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Recently we discussed moochdocking. Today, we will be discussing another free camping option: “Wallydocking.” Wallydocking involves parking your camper at Walmart overnight to sleep, and it is an excellent option for those looking for a quick one-night stay while traveling from one spot to the next.
Unfortunately, more and more Walmarts are prohibiting this practice. We can only imagine this is due to some RVers who have been less than considerate when Walmart camping. Therefore, we feel it is very important that all travelers fully understand the unwritten rules that come into play when parking an RV at Walmart.
In today’s article we will discuss the rules you should know before parking your camper at Walmart, then we’ll offer some suggestions of other places to stay if Walmart camping doesn’t work out for you.
Always Ask First
Rule number one: Always ask before you stay. This rule is good to keep in mind no matter where you’re planning to stay, and Walmart is no exception. If you can, call ahead and ask the manager on duty if you may stay the night. If you don’t know where you’re going ahead of time, run inside once you arrive to make sure it’s okay if you park your camper at Walmart for the night. If the answer is no, be sure to move on.
Park Out of the Way
Often, the manager you speak with will tell you where to park. If they don’t give a suggestion, do your best to park somewhere out of the way of customers. The far back or side of the lot is probably a good bet. You can also look at where semis and other RVs are parked and head to that area of the lot.
Only Stay One Night
Obviously, Walmart is not a true campground and it shouldn’t be treated as such. These parking lots are for one-night stopovers only, meaning you should stop to sleep and pack up and leave first thing the next day. If you have a problem and must stay longer, be sure to explain your situation to the manager on duty and ask to stay another night.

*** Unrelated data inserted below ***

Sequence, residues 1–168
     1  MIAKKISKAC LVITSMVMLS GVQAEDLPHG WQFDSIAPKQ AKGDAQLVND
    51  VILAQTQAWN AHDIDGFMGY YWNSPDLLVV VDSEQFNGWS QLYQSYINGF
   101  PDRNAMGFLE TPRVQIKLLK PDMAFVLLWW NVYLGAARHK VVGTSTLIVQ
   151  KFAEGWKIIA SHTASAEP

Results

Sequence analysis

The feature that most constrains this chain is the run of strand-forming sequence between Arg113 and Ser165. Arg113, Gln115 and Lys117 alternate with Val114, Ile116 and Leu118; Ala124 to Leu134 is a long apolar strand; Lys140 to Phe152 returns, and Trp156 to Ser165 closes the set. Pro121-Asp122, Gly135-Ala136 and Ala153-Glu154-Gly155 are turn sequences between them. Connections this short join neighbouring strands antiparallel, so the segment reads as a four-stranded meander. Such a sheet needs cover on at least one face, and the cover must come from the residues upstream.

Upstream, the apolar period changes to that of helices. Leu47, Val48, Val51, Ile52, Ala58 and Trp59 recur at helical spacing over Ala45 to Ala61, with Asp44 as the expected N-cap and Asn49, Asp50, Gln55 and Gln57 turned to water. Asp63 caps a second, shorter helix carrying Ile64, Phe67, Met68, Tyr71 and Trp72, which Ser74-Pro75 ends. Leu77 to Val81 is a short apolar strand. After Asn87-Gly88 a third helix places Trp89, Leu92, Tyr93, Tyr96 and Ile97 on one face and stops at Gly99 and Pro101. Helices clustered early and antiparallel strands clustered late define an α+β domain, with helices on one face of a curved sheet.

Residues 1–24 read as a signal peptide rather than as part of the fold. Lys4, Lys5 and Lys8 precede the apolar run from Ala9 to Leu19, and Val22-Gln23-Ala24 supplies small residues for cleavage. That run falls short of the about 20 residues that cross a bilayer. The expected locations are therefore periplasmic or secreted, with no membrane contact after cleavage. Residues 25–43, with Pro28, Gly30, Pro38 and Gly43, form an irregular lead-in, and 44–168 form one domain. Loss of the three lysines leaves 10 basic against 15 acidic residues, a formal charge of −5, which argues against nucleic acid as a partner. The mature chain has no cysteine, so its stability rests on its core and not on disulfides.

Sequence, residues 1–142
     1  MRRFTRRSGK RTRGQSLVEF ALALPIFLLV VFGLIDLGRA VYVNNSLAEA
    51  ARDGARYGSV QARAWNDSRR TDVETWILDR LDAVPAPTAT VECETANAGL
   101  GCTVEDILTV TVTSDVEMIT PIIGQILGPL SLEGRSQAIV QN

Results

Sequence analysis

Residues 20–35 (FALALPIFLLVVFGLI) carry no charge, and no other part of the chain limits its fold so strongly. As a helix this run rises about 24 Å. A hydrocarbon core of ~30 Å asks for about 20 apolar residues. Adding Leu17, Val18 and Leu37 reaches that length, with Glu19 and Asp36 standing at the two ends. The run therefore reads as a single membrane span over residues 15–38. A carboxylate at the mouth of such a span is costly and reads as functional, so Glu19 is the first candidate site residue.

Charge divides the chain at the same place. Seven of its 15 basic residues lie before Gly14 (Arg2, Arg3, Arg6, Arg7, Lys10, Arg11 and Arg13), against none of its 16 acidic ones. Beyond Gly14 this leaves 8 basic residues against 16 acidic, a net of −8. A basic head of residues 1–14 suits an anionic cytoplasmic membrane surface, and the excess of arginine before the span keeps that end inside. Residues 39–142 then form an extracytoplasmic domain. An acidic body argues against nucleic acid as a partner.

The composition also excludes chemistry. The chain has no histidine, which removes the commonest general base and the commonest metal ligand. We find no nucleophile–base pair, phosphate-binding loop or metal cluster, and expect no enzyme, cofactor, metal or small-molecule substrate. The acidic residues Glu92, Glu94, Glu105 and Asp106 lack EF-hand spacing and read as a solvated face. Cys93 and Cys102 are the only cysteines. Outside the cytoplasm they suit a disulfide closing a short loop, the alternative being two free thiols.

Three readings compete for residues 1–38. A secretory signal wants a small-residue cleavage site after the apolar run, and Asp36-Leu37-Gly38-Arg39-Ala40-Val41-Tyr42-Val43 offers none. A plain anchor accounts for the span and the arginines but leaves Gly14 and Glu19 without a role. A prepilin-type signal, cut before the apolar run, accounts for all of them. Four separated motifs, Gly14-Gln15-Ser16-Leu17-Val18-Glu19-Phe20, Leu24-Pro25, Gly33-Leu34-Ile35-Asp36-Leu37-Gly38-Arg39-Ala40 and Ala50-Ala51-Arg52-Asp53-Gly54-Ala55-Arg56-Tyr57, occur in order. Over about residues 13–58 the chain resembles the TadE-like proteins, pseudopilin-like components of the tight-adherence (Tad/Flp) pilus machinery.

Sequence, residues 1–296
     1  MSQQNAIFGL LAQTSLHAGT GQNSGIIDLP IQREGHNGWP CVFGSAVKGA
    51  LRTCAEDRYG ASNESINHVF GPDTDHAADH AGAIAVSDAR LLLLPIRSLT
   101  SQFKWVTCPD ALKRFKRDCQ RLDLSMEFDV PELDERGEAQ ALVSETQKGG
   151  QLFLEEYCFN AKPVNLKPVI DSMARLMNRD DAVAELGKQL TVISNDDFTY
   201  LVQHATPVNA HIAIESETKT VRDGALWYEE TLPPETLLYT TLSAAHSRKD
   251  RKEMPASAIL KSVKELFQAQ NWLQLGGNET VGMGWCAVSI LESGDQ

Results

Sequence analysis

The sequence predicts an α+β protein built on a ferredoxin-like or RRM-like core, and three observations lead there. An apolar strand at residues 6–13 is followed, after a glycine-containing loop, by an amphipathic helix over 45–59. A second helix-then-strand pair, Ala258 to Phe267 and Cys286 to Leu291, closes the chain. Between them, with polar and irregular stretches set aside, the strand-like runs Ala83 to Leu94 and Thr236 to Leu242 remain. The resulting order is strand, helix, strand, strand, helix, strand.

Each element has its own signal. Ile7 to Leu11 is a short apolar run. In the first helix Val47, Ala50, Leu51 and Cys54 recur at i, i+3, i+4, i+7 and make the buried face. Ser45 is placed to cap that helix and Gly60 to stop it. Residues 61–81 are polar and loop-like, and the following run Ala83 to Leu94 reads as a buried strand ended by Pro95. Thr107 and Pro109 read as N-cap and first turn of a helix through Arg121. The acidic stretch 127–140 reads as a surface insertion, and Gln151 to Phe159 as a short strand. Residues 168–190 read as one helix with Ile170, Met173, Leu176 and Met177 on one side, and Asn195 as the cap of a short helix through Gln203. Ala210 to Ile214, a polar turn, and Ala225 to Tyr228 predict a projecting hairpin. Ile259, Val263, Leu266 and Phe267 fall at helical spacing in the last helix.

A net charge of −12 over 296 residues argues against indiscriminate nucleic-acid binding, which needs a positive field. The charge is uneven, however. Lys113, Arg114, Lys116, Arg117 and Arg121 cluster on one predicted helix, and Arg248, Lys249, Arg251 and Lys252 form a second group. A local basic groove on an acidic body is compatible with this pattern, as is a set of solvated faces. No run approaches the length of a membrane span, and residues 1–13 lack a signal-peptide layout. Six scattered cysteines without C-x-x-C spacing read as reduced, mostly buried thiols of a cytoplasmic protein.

Keep the Slides In
Unless it’s possible to put your slides out over a patch of grass or somewhere else that is totally out of the way of other vehicles, keep the slides in when you park your camper at Walmart. If you can’t use your RV without putting the slides out, your best bet is to arrive early in the evening in order to try to snag a spot near the grass so your slides can be put out without bothering anyone.
Don’t Set Up Camp
Grills, camp chairs, and awnings are all fantastic things to have in a campground. That said, those items should not come out while you’re parked in a Walmart parking lot. In fact, nothing at all should be set up around your RV. After all, a cluttered lot is not a good look for the store, and it would be disrespectful to potentially harm their business, especially after they let you stay the night for free.
Keep the Volume Down
Many Walmart parking lots are full of RVers and truck drivers each night. Additionally, because Walmart tends to be open late, shoppers will be in the lot until that later closing time. Because of these things, it is important to keep your volume down so you don’t disturb fellow Walmart campers or shoppers.
Do Some Shopping
Yes, Walmart camping is completely free, but that doesn’t mean you can’t support the store financially in some way. While staying in your camper at Walmart, head into the store to pick up any groceries or other essentials you need. This is seen as good manners and it helps the RV community keep their good name so we can continue to enjoy Wallydocking.
Clean Up After Yourself
Another thing that helps give the RV community a good name? Leaving the parking lot the way we found it. Avoid dumping things on the ground in a Walmart parking lot, and be sure all trash makes its way to the trash cans in the lot or to the garbage can in your RV. Never do work on your vehicle or RV in a Walmart lot unless it is totally unavoidable, and if you must make a repair, be sure you clean up any mess you make.
Other Parking Lot Camping Options
The ability to stay in your camper at Walmart is wonderful, especially if you like to travel long distances and just need places to stop and sleep once in a while. Unfortunately, as mentioned before, not all Walmarts allow Wallydocking. If you come across a store that prohibits Walmart camping, you will need to find another option.
Fortunately, there are other businesses that allow overnight stays in some of their parking lots. These include:
- Cracker Barrel
- Camping World
- Sam’s Club
- Some truck stop chains
You can also stay the night in many highway rest areas, but you will want to look for signage to be sure it is allowed, as some states have laws against it.
There you have it, everything you need to know about parking a camper at Walmart overnight. Keep these simple rules in mind, find a Walmart along your route, and give Walmart camping a try to see what you think!
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